Wednesday, March 29, 2006

[Computers - Hardware - Cooling] Clean and Oil Those Fans

Computers are not invulnerable to dust. They have a tendancy to get clogged up with plenty of dust which at best causes overheating. It is a good idea to regularly clean out all the dust in a system to keep it as cool as possible since dust is an insulator. Removing the dust will allow better airflow, especially through fins on heatsinks and lighten fan blades, allowing them to turn faster.

Another tip to keeping a computer running in peak condition is to oil fans. Anything that moves should be well lubricated to allow it to do so smoothly and fans are no exception. Every once in a while (at least once a year, depending on how dusty your environment is) you should remove the fans in your system, take them apart, and oil them.

To oil a fan, you need to disassemble it. This is the tricky part. To disassemble a fan, you need to remove any stickers that cover the capstan. Next, remove the washer that holds the capstan. You will need a pointy knife or something to do this. Usually they will be made of plastic, but sometimes metal. They will almost always be a small flat disc with a hole in the middle and have a cut (think of a "C" where the ends meet but do not attach). Once this is off, you can remove the fan blade assembly. Before oiling it, you should thouroughly clean it. All kinds of grime and grit can get in there and cause it to make noise, as well as slow it down and create friction heat. Once you've cleaned it, then you can oil it. The type of oil does not matter too much depending on the fan. Most fans are cheap anyway so you do not need to shell out for top of the line lubricant. Even vegitable oil is better than nothing in a pinch. Synthetic teflon lubricant can be found in any bicycle shop and works great. You should oil the parts that touch and move. This includes the capstan, and the hole in which it goes. You will also want to oil the joint where the capstan attaches to the blade hub and where the blade hub rests on the washer. Do not over-oil since that will just make a mess with no extra benefit. In fact you should probably clean up any excess before putting it back. Put the blade assembly back into the fan and give it a test spin. Make sure that it is running smoothly. Now place the holding washer back on the end of the capstan and finally the sticker. Put the fan back, plug it in, power it up, and watch it spin. You may want to consider comparing fan rotation speeds before and after. Also, make sure to notice the noise level after oiling.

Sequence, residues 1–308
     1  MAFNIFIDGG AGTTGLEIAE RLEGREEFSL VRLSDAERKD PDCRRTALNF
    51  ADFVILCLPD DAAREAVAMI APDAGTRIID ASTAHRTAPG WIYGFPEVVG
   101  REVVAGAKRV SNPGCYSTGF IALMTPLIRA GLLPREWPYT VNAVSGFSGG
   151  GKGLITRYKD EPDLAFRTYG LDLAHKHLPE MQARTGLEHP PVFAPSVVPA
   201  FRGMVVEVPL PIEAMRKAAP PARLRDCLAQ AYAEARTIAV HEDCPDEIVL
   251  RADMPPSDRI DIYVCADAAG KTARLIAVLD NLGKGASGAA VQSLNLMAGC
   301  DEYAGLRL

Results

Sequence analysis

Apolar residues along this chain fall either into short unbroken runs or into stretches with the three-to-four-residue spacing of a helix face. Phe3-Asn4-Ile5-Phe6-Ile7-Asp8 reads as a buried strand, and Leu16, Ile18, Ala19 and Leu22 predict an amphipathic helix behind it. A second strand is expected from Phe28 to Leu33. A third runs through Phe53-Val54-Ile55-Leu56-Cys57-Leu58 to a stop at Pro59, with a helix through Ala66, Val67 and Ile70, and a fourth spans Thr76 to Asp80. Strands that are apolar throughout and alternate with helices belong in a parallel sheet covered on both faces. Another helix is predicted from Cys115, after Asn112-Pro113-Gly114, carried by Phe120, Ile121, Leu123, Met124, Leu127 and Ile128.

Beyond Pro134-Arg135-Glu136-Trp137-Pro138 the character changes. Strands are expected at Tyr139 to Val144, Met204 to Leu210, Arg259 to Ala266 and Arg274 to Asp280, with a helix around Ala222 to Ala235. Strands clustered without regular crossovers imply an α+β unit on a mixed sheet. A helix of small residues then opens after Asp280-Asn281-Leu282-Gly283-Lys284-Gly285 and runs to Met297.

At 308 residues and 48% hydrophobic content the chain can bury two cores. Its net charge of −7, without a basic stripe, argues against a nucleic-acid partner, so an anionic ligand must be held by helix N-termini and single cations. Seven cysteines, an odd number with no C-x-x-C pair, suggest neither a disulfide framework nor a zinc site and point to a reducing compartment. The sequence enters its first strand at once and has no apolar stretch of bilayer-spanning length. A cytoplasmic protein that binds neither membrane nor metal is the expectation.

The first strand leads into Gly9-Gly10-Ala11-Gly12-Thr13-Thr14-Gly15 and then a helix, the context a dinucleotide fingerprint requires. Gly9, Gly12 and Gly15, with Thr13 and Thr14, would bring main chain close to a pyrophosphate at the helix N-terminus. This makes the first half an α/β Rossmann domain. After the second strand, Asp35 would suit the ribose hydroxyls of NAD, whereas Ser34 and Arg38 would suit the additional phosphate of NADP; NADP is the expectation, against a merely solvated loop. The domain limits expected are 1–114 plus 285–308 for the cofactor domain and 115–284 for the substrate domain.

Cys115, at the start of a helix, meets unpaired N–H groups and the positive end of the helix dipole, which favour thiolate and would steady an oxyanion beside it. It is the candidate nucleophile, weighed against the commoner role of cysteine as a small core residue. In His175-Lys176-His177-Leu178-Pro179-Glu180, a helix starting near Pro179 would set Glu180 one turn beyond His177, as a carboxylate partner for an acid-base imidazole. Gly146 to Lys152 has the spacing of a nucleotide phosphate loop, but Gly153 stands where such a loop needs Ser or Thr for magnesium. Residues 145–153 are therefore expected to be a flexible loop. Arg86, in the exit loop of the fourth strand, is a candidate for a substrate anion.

Tuesday, March 28, 2006

[Computers - OS] Windows Themes Dialog

The Display Properties dialog in Windows has a Themes tab which allows you to easily change the theme used. This allows you to quickly change color schemes, wallpaper, visual styles, icons, sounds, and more. The drop down lists available themes as well as an option to browse for a theme and another that allows you to find some themes online.